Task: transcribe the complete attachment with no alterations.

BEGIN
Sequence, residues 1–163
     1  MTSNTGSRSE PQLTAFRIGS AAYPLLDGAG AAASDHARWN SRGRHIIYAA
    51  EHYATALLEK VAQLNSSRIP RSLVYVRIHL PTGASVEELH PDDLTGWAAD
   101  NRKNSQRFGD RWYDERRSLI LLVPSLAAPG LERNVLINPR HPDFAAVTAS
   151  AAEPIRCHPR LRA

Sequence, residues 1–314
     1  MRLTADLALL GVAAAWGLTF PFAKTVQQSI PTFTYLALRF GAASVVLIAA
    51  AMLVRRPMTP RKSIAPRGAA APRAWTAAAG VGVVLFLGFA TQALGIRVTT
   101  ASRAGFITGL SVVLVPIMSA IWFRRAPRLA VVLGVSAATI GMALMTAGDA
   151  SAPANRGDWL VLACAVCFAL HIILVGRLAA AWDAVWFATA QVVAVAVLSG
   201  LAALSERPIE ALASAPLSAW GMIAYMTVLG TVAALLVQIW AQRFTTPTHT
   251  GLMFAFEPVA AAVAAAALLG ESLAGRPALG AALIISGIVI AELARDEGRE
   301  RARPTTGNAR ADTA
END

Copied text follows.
Sequence, residues 1–163
     1  MTSNTGSRSE PQLTAFRIGS AAYPLLDGAG AAASDHARWN SRGRHIIYAA
    51  EHYATALLEK VAQLNSSRIP RSLVYVRIHL PTGASVEELH PDDLTGWAAD
   101  NRKNSQRFGD RWYDERRSLI LLVPSLAAPG LERNVLINPR HPDFAAVTAS
   151  AAEPIRCHPR LRA

Sequence, residues 1–314
     1  MRLTADLALL GVAAAWGLTF PFAKTVQQSI PTFTYLALRF GAASVVLIAA
    51  AMLVRRPMTP RKSIAPRGAA APRAWTAAAG VGVVLFLGFA TQALGIRVTT
   101  ASRAGFITGL SVVLVPIMSA IWFRRAPRLA VVLGVSAATI GMALMTAGDA
   151  SAPANRGDWL VLACAVCFAL HIILVGRLAA AWDAVWFATA QVVAVAVLSG
   201  LAALSERPIE ALASAPLSAW GMIAYMTVLG TVAALLVQIW AQRFTTPTHT
   251  GLMFAFEPVA AAVAAAALLG ESLAGRPALG AALIISGIVI AELARDEGRE
   301  RARPTTGNAR ADTA